While this numbers do in no way indicate that ownCloud is a perfectly secure solution, it does show that we really care about security and looking at numbers only is an unsuitable way to compare the security of products.
By the way, we do run a Bug Bounty program at HackerOne and if you believe to have found
a security vulnerability we would like to encourage you to submit it to us. You’ll get a bounty for each valid and qualifying
report – so far, we have received hundreds of reports but only one minor issue in the ownCloud server resulted in a combined
USD 50 payout so I’m feeling quite confident about our security right now. This issue did not affect the integrity or data
security of the instance and only leaked the installation path of the ownCloud instance. (usually
Material Design and File Copy in the Latest ownCloud Android App – a Tale of Community
September 28, 2015
We just made the ownCloud Android Client version 1.8 available on the Google Play Store and other stores, see our website. This new version introduced three major new features: Material Design, the file copy feature and a text file preview function. Besides that, there are several bug fixes and smaller features like an update to the latest ownCloud Server share API and many other user interface improvements and performance enhancements.
To celebrate this release, we’ve asked some of the most active community contributors to share what they have been working on and how it will impact your experience with the app.
Starting with the new design of the app, we asked AndyScherzinger for his thoughts. His work on Material Design, the new ‘design language‘ for Google’s Android platform, was his first contribution to ownCloud and he was glad to give some deeper insight in what was achieved. The description of the new features below comes directly from him! Click on the screen shots to see full versions.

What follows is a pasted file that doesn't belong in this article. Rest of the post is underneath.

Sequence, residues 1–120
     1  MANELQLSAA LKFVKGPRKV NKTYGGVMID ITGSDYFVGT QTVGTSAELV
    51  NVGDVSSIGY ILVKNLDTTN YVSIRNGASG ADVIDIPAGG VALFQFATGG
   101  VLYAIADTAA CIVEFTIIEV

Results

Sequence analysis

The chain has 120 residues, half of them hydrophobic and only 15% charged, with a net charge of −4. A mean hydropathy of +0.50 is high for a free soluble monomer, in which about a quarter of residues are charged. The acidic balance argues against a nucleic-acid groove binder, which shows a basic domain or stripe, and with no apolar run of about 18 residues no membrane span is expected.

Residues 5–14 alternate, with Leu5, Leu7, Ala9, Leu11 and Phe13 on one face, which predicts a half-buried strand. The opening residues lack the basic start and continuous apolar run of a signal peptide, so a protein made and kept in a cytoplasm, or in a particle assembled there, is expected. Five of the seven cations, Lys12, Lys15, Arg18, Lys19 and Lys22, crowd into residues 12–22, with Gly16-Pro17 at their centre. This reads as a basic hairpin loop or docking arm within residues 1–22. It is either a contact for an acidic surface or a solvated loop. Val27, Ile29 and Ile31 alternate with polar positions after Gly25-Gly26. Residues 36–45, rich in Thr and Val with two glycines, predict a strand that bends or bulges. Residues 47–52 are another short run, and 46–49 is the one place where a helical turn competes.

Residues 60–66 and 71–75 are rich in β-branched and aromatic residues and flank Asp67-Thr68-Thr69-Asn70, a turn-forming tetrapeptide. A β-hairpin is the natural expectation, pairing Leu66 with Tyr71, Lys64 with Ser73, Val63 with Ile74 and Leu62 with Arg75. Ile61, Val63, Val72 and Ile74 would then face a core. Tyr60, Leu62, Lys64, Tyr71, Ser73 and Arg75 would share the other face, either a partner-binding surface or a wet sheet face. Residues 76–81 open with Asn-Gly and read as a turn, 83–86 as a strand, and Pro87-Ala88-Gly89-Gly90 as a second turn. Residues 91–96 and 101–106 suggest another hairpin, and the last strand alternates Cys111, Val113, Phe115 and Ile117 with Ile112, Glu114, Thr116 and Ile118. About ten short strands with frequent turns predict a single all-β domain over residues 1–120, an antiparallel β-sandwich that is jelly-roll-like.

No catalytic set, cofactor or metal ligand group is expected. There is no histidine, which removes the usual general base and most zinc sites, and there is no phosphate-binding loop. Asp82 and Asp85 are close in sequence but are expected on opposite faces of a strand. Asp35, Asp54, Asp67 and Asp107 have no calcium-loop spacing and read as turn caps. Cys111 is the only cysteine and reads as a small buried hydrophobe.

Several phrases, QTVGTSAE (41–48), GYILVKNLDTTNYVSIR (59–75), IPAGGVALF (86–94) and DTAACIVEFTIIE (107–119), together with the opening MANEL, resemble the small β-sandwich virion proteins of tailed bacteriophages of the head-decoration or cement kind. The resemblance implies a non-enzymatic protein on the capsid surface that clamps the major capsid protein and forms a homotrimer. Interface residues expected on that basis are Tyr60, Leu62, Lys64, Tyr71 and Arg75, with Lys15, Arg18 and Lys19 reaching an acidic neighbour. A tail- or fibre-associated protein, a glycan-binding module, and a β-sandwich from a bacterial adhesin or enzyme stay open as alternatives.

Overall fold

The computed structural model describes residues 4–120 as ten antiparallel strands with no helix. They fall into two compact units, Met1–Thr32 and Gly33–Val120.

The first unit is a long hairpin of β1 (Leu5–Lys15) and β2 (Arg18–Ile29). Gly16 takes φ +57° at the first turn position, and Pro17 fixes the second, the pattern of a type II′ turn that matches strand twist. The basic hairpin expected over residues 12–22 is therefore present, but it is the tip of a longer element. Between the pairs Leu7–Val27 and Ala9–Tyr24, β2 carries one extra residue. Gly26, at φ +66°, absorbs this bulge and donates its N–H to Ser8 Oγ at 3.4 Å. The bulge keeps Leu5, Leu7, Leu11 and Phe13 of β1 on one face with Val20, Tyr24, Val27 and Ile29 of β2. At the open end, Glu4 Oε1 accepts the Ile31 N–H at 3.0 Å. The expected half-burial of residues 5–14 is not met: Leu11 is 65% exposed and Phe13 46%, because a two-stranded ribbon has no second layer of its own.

Action bar and drawer
The first obvious part that shows you the newly added material design is the new action bar and its drawer.
Besides the general style we introduced two minor changes here, showing the user of the active account and adding icons to support the identification of the different actions.
The revamped dialogs are simply a design change from a visual point of view. We restyled all dialogs throughout the app which means we had to work on the alert dialogs, pop-ups and so on. For the file menu we did not just materialize the style but also added the file name so you can identify the file for which you are about to choose an action and it also brings the dialog in line with the iOS app.
With this release we ship an all new icon set for the general icons within the app (e.g. on the action bar) and also the new icons introduced in ownCloud 8.2. These icons keep the app visually consistent with the web front-end and also add to the overall Material Design.
Development Challenge: Dialogs and Buttons
So that is it for the visual changes. Since I worked on the code changes needed to move to Material Design I would now like talk about the challenges we faced during this process and share with you the things we learned down the road.
We integrated the latest version of Google’s AppCompat library which offers you the ability to implement features of newer Android versions in a backwards compatible way. So the first thing we did after integrating the new library version was switching to the AppCompat theme to have material design activated for all the Android versions we support (Ice Cream Sandwich onwards). Testdriving the change on a device running lollipop seemed fine but checking out the new design on a non-Lollipop version showed the buttons in a non-material design and also the dialogs were not rendered correctly, see screen shot.
You won’t see these glitches in our release. We had to re-implement the dialogs and buttons using the AppCompat provided button and dialog implementation to get this issue solved.
Further things to come & Call to actions
We aren’t finished with our work on materializing the app’s design. So you can expect further changes. Things we are currently working on are:
- floating action button